Congress Takes the “Wild” out of National Refuges with Funding Cuts

from Wildlife Promise

A family of limpkins in Lake Woodruff National Wildlife Refuge. Photo donated by National Wildlife Photo Contest entrant Scott Helfrich.

A family of limpkins in Lake Woodruff National Wildlife Refuge. Photo donated by National Wildlife Photo Contest entrant Scott Helfrich.

It’s a well-known secret that some of the best places in the world to spot wildlife are at America’s refuges. From the annual bird migrations at the Bosque del Apache National Wildlife Refuge in New Mexico to the vast caribou herds of Alaska’s Arctic National Wildlife Refuge, our refuges provide unparalleled wildlife viewing opportunities.

By promising these one-of-a-kind wildlife encounters, America’s refuges draw millions of visitors each year. In turn, these visits bring in big bucks to local communities—refuges pump an estimated $2.4 billion into the economy and support more than 350,000 jobs nationwide.

However, according to a new report by the Cooperative Alliance for Refuge Enhancement (CARE), a steady decline in congressional funding is making it harder to maintain our refuges, limiting opportunities to hunt, fish and view wildlife on refuge lands. As a result, these funding cuts also threaten the economic vitality of hundreds of local communities that rely on the tourism and recreation dollars that refuges provide.

America’s National Wildlife Refuges: Home for Wildlife, Haven for Wildlife Enthusiasts” says that without adequate funding for basic maintenance and repairs, refuges will be forced to reduce visitor services and wildlife habitat management.

Sunrise over Salt Marsh in Harris Neck National Wildlife Refuge. Photo donated by National Wildlife Photo Contest entrant Rebecca Miller.

Sunrise over Salt Marsh in Harris Neck National Wildlife Refuge. Photo donated by National Wildlife Photo Contest entrant Rebecca Miller.

Budget Cuts Taking a Toll

A few examples of how funding cuts are impacting refuges across the country:

  • In the now completely unstaffed Tern Island in the Hawaiian Islands Refuge, green turtles, seabirds, and the endangered Hawaiian monk seal are suffering increased mortality as a result of entrapment in marine debris;
  • At Virginia’s Chincoteague Refuge, the number of environmental education participants in FY 2013 was 1,700—less than half what it was just five years prior due to budget cuts;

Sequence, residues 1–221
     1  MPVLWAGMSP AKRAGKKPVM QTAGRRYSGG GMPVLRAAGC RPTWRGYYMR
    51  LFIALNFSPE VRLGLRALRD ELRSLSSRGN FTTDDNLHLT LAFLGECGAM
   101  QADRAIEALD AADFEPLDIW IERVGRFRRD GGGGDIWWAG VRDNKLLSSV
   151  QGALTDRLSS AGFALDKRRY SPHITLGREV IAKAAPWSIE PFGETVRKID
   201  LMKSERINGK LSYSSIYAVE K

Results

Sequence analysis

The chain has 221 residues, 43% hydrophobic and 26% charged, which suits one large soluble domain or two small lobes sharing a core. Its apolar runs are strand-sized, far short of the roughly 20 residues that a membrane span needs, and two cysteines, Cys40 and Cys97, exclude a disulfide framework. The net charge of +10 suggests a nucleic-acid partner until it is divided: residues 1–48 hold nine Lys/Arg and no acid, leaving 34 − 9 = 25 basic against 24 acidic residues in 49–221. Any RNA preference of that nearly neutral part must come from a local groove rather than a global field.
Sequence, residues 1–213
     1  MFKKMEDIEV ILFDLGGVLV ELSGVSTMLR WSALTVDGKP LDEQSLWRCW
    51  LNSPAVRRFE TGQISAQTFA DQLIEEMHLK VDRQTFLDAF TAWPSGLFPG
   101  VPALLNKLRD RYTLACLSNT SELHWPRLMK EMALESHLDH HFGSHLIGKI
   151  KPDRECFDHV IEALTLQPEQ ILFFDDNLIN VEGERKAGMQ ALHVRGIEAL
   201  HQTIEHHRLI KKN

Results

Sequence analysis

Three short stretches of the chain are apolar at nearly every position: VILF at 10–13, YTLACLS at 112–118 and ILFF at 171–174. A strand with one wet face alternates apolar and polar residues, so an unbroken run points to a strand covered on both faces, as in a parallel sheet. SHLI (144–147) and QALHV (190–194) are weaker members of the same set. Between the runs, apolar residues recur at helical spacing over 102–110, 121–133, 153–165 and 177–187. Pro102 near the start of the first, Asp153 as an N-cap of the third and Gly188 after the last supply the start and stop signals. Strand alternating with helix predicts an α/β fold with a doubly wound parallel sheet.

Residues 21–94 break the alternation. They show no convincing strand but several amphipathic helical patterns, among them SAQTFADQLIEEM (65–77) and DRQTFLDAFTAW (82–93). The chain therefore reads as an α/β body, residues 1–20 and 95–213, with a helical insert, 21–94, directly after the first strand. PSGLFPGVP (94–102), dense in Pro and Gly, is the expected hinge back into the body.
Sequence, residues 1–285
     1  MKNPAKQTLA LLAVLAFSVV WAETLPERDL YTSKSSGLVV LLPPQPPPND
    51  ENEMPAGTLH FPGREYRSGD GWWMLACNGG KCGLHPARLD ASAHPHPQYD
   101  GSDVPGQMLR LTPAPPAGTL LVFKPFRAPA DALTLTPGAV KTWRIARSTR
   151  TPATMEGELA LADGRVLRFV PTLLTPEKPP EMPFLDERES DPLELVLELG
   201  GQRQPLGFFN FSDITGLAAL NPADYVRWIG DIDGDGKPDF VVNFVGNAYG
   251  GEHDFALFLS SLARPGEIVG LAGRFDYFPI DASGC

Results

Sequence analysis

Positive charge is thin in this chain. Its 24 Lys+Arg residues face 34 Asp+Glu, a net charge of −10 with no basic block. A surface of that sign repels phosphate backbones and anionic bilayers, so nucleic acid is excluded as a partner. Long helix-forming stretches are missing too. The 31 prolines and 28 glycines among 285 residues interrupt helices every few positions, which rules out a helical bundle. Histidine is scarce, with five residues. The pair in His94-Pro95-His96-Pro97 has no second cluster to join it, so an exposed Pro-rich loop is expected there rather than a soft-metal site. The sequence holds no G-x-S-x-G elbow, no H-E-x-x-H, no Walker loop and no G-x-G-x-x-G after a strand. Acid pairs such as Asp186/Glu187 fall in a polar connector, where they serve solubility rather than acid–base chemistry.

• In Alabama, Choctaw National Wildlife Refuge is expected to experience a drop of at least 80-percent in volunteer support due to the loss of coordinating staff, and Bon Secour Refuge has already seen its volunteer contribution annually decline by 2,000 hours—a loss of about $44,000 in donated time;
  • At Fish Springs Refuge in Utah, staff fell two weeks behind on refilling a major refuge wetland unit, which significantly reduced the area available for waterfowl hunting.

What’s at Stake

A great egret is reflected in the brackish water of a lagoon in J. N. Ding Darling National Wildlife Refuge. Photo donated by National Wildlife Photo Contest entrant Richard Fortune.

A great egret is reflected in the brackish water of a lagoon in J. N. Ding Darling National Wildlife Refuge. Photo donated by National Wildlife Photo Contest entrant Richard Fortune.

The report notes the benefits wildlife refuges provide, and also what is at stake if funds were to be cut:

  • Nearly 47.5 million people visited national wildlife refuges last year, and their spending supported 35,000 private U.S. jobs;
  • In FY 2013, more than 38,000 people spent 1.4 million hours volunteering on refuges, a contribution worth an estimated $31 million, or the equivalent of 702 full-time employees;
  • The jobs created by and around refuges generate an estimated $800 million in employment income and adds nearly $343 million in local, state and federal tax revenue;
  • Nearly 31 million refuge visitors participated in wildlife watching in FY2013—representing about 65-percent of all visits to the Refuge System;
  • The ‘ecosystem services’ that refuges provide, such as clean drinking water and storm buffers, are worth an estimated $32.3 billion, or $65 for every dollar Congress invests in the Refuge System.

Learn more at www.fundrefuges.org